Born Free USA Blog
by Adam M Roberts,
Chief Executive Officer
When it comes to animals, Adam Roberts not only talks the talk, but also walks the walk. Since beginning his animal advocacy career in Washington, D.C. in 1991, Adam's ambition, tireless involvement, and profound knowledge of conservation and wildlife issues have cemented him as a go-to voice for protecting animals — and he has elevated Born Free USA to the respected and impactful organization that we know today. Adam's compassionate, informed, and forward-thinking blogs will surely motivate you to join us in our fight to Keep Wildlife in the Wild.
For twenty years, we have been calling attention to the bloody trade in bear parts. It is an intricate global web of illicit wildlife commercialization that leads to American black bears being poached for their gallbladders, which are consumed domestically or smuggled overseas; Russian brown bears killed for their gallbladders, which are shipped throughout Asia or smuggled to America; and endangered Asiatic black bears incarcerated in tiny coffin-like cages, so small that they can’t turn around, forever trapped and “milked” of their valuable bile.
I recall walking the streets of Cancun, Mexico on break from a meeting and witnessing misguided tourists taking photographs with a chimpanzee. $1 / one picture. One chance for a photo with an endangered animal who belongs in the wild. One chance for a horrible accident; an attack; a life-altering, painful incident.
The Government of Botswana has announced an intention to join the mounting movement across Africa in banning “canned” hunting, where wild animals, perhaps captive-bred, are slaughtered in fenced areas by pathetic “hunters.” Earlier this year, Botswana had already banned trophy hunting to preserve wild animal populations.
The African Elephant Action Plan; the Elephant Protection Initiative; the National Strategy for Combating Wildlife Trafficking… So many high-level efforts to address the current elephant poaching crisis and, hopefully, to protect elephants before it’s too late. Sometimes, the simplest solution is the most effective: a uniform and unequivocal prohibition on the international trade in elephant ivory. And, while you’re at it, destroy the stockpiles around the world. Remove ivory from the global marketplace, once and for all.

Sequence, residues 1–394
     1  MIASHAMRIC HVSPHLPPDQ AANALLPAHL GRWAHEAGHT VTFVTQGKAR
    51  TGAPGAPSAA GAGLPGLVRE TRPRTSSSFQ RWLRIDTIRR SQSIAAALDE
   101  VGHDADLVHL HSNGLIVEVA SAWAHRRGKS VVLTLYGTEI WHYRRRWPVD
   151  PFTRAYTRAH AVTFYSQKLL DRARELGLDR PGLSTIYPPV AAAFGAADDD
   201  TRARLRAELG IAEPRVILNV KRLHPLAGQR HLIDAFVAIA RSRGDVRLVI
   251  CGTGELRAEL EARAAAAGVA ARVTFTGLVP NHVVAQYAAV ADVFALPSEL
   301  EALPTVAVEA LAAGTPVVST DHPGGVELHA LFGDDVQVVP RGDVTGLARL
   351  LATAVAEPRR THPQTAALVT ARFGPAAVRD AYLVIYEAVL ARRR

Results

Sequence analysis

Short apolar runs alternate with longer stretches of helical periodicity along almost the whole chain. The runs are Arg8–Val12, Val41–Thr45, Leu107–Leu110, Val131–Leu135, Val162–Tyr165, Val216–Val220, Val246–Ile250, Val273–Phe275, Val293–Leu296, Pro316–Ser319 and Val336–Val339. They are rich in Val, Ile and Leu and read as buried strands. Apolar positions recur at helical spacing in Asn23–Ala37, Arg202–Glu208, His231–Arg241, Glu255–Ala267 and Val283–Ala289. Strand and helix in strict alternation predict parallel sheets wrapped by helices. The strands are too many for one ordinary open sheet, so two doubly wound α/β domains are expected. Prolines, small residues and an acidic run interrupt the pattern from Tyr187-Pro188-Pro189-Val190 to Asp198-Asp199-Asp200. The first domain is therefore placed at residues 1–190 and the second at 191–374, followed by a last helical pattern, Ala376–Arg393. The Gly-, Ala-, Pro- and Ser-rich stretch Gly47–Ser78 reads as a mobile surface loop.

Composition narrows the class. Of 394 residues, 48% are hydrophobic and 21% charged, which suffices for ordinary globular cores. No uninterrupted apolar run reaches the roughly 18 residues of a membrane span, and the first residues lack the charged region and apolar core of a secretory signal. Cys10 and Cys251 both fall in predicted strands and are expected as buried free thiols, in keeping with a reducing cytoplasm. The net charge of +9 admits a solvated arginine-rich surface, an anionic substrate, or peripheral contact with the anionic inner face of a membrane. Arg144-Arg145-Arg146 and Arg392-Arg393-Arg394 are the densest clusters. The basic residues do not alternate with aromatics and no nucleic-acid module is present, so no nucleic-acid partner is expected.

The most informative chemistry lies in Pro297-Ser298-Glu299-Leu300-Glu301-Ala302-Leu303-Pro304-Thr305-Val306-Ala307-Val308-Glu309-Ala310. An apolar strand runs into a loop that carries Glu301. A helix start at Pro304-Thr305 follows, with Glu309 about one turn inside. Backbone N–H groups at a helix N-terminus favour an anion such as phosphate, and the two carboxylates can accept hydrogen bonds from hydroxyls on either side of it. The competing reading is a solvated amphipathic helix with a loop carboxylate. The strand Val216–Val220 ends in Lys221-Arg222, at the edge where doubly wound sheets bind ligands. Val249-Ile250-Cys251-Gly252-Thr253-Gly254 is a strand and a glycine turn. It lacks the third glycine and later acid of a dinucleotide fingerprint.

Animal rescue, rehabilitation, and release (or providing lifetime care) is complicated stuff. It requires intelligence, determination, steadfastness… and, well, money.
Soon, I will travel to Ethiopia for the Annual General Meeting of the Board of Trustees for Born Free Foundation Ethiopia. Together, we oversee the fabulous rescue center there, founded by Born Free USA and Born Free Foundation, where compassionate lifetime care is offered to animals in desperate need: lions, cheetahs, leopard tortoises, and more. Other animals who can be rehabilitated and released back to the wild are prepared for a life of freedom again.
It is a special privilege to know someone who has authored a book, and even more exciting when it’s one of your best friends. I have known Dr. Rob Atkinson for more than a decade, and can honestly say that he’s one of the people in my life I admire most. Rob and I have been together on safari in Kenya, searched for wildlife in the jungles of Vietnam, eaten lunch from stalls on the streets of Bangkok, and discussed wildlife trade policy for hours in Geneva coffee shops.
China has now joined the U.S., Gabon, and the Philippines in recently crushing its ivory stockpile – six tons of confiscated elephant tusks. It remains to be seen whether China’s ivory crush is a true step in the right direction for the world’s largest consumer of ivory. Publicity stunt or move toward an end to China’s domestic ivory market?